Susan Wokoma, who recently starred in Enola Holmes alongside Millie Bobby Brown, adds that one of the reasons she’s taken comedy roles in shows like Truth Seekers is because the script - and subsequently the environment on set - is less likely to be sexist.
“One of the reasons why I have been drawn to do comedy is how you can be judged as a cis woman in a role, gets taken away [in a comedy]. I think that’s partly to do with the comedy roles I’ve taken," she said.
"Helen is somebody who is somebody I do not have to worry about ‘how does another man feel about her in a space?’ - to be blunt, romance or anything like that.
“Sometimes it’s good to get a script and be like ‘it’s not about that, it’s about friendship, it’s about loss, it’s about hope, it’s about loneliness’. If the script follows that, the environment on set normally does. If you have a script that doesn’t take any of that into consideration and is hugely sexist, you’re probably going to have an environment that is.
“It was dreamy [working on Truth Seekers]. I loved it!”
4. The cast fan-girling over working with Nick Frost and Simon Pegg
There were definitely some Shaun of the Dead and Hot Fuzz fans on set. Susan Wokoma admits she completely fan-girled during her first day working with Simon Pegg, who co-wrote the show and plays Dave - Gus's jobworth boss.
“I remember our read through, I was sat next to Simon and I’m a huge fan! It was one of those jobs where I was like ‘I cannot believe it’. Genuinely it buzzed me out. I definitely felt first day of school vibes," Wokoma said.
More Truth Seekers: Malcolm McDowell interview
Veteran screen icon Malcolm McDowell has described the closure of West End theatres due to the coronarius (Covid-19) pandemic as "almost Orwellian".
The former theatre actor adds that the West End was "too heavily loaded" with musicals before the pandemic.
Samson Kayo also got to spend a lot of time on set with Nick Frost, especially as they shared many scenes in the Smyle van as a pair of broadband engineers.
“A lot of the van stuff was really fun, because that was the chance when we got to speak the most, when we were waiting for everything to be set up. It was the moment where we got to have conversations as Samson and Nick, and Emma and Susan. It was like our safe place," he said.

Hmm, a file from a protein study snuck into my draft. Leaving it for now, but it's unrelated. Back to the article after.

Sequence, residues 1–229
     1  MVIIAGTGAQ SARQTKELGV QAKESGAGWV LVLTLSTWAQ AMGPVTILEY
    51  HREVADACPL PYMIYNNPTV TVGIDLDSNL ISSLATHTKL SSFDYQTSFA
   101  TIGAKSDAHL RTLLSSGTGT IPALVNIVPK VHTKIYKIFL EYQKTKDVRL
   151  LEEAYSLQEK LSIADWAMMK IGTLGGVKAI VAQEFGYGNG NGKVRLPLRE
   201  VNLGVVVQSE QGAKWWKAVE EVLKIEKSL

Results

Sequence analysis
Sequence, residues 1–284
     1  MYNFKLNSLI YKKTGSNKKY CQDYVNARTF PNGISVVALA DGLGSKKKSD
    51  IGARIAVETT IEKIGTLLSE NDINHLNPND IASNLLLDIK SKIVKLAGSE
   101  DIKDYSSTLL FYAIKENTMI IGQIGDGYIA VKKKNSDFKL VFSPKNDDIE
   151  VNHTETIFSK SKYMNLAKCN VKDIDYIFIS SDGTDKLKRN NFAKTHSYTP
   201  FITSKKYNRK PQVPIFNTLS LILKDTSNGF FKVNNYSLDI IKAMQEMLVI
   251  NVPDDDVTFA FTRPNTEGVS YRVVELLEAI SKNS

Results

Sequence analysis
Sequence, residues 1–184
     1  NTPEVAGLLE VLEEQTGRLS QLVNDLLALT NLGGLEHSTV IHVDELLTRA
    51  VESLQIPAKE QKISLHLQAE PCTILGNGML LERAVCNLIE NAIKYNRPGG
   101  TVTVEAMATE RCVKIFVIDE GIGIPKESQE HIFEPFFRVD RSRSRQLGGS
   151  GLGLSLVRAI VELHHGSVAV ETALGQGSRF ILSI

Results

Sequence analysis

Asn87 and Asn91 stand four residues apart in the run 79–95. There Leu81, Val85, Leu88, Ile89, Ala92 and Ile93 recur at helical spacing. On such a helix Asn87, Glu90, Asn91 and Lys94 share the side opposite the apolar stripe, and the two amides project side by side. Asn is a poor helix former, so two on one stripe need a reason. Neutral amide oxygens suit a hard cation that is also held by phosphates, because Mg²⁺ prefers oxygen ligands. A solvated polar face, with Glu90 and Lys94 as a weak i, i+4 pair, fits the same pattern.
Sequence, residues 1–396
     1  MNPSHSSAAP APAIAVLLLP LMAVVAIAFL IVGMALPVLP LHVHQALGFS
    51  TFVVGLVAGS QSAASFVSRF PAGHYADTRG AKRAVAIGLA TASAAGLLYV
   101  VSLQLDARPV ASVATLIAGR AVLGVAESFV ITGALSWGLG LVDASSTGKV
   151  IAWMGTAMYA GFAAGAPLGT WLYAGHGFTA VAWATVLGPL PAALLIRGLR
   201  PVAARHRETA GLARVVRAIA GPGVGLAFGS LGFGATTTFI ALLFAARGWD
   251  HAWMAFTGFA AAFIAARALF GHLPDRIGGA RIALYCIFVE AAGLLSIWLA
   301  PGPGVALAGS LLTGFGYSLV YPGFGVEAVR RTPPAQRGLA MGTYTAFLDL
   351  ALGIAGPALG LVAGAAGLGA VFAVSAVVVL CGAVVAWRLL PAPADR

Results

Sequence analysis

Emma D’Arcy agrees that she was a little starstruck during filming.
“I was having a full, out of body experience for the first few weeks of filming! I don’t know if I remember much," she said.
“I think I felt really lucky, because whilst I’d seen Samson and Susan on the telly, when I met both of them I felt a gorgeous familiarity. I fell a bit in love with both of them. I found a tribe, despite being surrounded by the cool kids, and the legendary Malcolm McDowell’s of the world.”
Malcolm McDowell also had nothing but praise about working with Nick Frost. As McDowell plays Frost’s character’s dad, and their characters live together, they got to share a lot of scenes together filming in the 'home' location at Ealing Studios.
“We’re not doing Shakespeare, we’re just having fun. [Nick and Simon] are very nice people really. That’s why I liked the script so much. Every single scene with Nick was fun!” McDowell recalled.
Julian Barratt agrees. “Just hanging out with Nick is a joy. He’s very funny in real life too, the bastard! He’s just one of those dudes who you want to hang out with.”
He recalls a fight scene he got to share with Frost. “We had to fight which was fun. We had to do like a manly wrestling thing, which I’ve always wanted to do with Nick… we kept our clothes on, but it was a very powerful moment.
“There was a lot of powerful, erotic chemistry between us. I think you’ll find that comes off on screen. That was a high point of my life so far, never mind acting.”
5. From the X-Files to Buffy: writing inspiration revealed
The inspiration for Truth Seekers came out of Nick Frost and Simon Pegg going ghost hunting when they were younger, but there are certain films and TV shows that have influenced the feel of the show.
One of those influences, according to Pegg, is The X-Files, the 90s American sci-fi TV series starring David Duchovny and Gillian Anderson as paranormal investigators.
“Nick and I had always been huge fans of the X-Files. We bonded on that in the early nineties when we first started hanging out," Pegg explains.
"We used to have box sets of the first and second season and we lived in a house where there was nothing but a television and a heater... The X-Files was a big influence on us.”
Another cultural influence in terms of the blending of horror and comedy is the 1981 film, An American Werewolf in London.
“An American Werewolf in London never makes fun of the horror. Even in the funny moments with Jack, gradually rotting away and coming back as this sort of conscious for Mike. Even though that’s funny it’s still horrific.”
And lastly, Pegg hopes fans of Buffy the Vampire Slayer and Ghostbusters can enjoy the show, too.
“For us, it was creating a show that was at once funny but also frightening and effecting in terms of its horror aspect," Pegg said.
“I was going to say Buffy the Vampire Slayer because that had moments of real comedy in it, but I think this is more of overtly a comedy than that was.
“I hope audiences can expect something new. In the great tradition of Ghostbusters, the X-Files and those beloved properties, this is something fresh coming from myself and Nick.”
Truth Seekers premieres Friday, October 30 on Amazon Prime Video.